When thinking about how politics and news events impact our mental health, we frequently focus on negative impacts: coverage about police shootings, disasters, and violent terrorist attacks have been shown to spike public anxiousness, cause depression and even reactivate past trauma.
But sociologist Tony Brown was curious about how positive events might impact public health. So the Rice University professor and his team of co-researchers chose one of the brightest moments in recent U.S. history—the 2008 election of Barack Obama—and measured its impact on the mental health of black adults.
“We wanted to know if there were any health implications from this momentous occasion in U.S. history,” said Brown in a Rice News report.
The study, “‘Yes We Can!’ The Mental Health Significance for U.S. Black Adults of Barack Obama’s 2008 Presidential Election,” will be published in the next volume of the journal Sociology of Race and Ethnicity. Using data from the Behavioral Risk Factor Surveillance System, a nationally representative survey of 400,000 U.S. adults evaluating different health aspects, researchers honed in on the mental health of black adults 30 days prior to Obama’s election and 30 days after.
One survey question asked respondents to count the number of days they would consider their mental health to be “not good” over the last month. Before Obama’s election, black men on average counted four days when they experienced depression, stress, or “problems with emotions.” After he officially became the 44th president, the average number went down to three days.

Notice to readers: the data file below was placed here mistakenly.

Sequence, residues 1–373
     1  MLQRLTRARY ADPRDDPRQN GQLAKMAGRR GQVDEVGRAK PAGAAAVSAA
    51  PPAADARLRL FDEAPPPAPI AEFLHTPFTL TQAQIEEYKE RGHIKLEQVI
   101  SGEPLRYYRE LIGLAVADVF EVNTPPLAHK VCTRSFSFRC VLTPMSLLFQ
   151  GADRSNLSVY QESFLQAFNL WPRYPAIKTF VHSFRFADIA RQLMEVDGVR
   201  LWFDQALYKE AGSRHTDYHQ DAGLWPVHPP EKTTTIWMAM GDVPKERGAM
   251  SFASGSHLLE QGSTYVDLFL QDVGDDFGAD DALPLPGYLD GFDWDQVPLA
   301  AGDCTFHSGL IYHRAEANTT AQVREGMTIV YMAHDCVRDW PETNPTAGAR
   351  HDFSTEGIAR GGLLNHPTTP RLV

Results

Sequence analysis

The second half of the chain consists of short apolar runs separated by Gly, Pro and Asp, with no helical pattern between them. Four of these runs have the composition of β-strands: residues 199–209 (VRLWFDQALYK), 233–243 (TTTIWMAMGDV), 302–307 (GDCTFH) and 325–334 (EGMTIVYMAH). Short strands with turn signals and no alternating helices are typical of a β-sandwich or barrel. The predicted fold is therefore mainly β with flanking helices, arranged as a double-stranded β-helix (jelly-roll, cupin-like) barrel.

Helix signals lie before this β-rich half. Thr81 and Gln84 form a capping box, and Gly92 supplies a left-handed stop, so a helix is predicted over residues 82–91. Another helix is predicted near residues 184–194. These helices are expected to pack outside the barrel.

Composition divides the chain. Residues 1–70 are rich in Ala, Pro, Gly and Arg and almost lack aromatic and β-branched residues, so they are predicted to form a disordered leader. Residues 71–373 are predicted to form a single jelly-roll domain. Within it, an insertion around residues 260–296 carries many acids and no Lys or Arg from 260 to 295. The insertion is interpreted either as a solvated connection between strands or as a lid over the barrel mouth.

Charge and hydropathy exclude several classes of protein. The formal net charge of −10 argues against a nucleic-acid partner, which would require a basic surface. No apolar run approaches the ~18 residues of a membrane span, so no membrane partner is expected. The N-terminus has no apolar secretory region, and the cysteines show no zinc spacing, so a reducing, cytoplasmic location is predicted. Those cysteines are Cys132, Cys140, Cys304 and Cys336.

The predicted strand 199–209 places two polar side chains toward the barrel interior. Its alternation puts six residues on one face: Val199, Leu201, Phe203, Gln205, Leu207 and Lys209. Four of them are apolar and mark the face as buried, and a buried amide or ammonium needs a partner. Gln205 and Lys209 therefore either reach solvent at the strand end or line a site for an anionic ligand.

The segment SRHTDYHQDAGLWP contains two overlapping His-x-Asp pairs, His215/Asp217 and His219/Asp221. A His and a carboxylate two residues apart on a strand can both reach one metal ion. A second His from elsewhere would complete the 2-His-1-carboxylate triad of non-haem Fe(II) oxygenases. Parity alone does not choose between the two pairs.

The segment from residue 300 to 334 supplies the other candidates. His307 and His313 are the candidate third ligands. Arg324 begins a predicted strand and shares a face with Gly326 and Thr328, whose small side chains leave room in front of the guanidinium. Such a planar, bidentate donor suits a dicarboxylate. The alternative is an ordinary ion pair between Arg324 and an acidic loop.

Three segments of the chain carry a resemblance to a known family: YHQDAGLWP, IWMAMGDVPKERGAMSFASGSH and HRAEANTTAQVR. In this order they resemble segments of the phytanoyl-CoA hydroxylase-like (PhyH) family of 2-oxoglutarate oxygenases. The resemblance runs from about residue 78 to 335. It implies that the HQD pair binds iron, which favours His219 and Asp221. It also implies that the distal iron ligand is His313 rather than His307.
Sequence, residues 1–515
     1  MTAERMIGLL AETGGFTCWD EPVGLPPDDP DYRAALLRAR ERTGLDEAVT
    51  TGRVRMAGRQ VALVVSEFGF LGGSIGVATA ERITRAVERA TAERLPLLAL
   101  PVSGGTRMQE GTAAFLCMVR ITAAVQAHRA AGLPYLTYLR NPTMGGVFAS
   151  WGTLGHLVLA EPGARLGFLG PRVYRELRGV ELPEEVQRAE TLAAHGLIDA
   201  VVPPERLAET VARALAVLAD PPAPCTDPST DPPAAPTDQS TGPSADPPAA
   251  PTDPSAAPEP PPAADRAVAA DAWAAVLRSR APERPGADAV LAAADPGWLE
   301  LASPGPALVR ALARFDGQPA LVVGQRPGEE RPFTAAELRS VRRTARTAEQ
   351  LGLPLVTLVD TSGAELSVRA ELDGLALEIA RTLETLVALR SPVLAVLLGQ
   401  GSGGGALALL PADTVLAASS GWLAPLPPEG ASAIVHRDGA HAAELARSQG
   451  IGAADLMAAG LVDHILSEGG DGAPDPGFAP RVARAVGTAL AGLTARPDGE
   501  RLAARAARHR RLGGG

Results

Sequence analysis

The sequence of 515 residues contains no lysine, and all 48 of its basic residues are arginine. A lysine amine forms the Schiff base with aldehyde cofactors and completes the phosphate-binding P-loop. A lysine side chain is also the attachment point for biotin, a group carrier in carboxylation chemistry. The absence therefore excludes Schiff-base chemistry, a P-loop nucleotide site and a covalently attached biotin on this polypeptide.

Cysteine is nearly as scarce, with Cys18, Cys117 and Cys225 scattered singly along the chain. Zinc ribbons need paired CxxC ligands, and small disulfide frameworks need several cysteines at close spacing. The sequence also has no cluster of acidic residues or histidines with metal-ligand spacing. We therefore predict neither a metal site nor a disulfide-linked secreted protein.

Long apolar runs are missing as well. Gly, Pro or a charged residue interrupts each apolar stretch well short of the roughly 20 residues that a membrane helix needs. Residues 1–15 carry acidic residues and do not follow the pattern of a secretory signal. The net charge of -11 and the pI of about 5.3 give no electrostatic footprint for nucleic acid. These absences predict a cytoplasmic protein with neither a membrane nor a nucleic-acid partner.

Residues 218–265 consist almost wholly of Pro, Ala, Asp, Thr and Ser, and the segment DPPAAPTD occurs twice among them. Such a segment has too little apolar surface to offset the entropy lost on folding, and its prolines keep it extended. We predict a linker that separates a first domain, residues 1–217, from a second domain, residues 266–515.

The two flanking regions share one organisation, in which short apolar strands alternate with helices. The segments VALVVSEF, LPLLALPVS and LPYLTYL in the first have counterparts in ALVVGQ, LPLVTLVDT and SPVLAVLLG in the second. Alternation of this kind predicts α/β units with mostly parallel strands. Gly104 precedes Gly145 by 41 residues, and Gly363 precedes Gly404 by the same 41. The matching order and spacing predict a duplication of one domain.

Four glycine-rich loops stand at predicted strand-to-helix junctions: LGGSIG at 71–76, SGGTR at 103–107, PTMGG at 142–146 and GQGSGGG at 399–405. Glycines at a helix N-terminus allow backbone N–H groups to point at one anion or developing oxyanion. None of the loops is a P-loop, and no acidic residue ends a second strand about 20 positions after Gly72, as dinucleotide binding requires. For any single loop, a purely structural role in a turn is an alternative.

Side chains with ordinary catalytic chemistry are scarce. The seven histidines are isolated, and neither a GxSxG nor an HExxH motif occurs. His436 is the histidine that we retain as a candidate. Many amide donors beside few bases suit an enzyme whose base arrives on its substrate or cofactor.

This may not seem like a big change, so Brown, for context, referenced another study that analyzed the mental harm caused to black adults by nearby police shootings. In that study, participants reported a 0.14-day increase in mental health issues.
“The study’s findings are important because we do not fully understand what factors protect mental health,” Brown added. “Specifically, the findings demonstrate that sociopolitical shifts matter for the health of black men and that everyday conditions of life act as social determinants of health.”
Interestingly, black women did not experience the same mental health boost that black men did—in fact, they registered more poor mental health days. Before Obama’s election, black women reported 4.6 days out of 30 where they experienced mental health issues; after his election, the average went up to five days.
The reasons why are unclear, but Brown says a few explanations are likely, including the possibility that the election of the country’s first black president spiked concerns among black women about its backlash, death threats or the safety of the first family, “in the same way they would worry about their own husbands, fathers or sons.”
Brown and the study’s co-authors told Rice they plan on applying this style of research to other elections, including—(and here, I would like you to imagine me pouring a hefty cup of tea)—the effect of Donald Trump’s 2016 election on white women, including that 53 percent.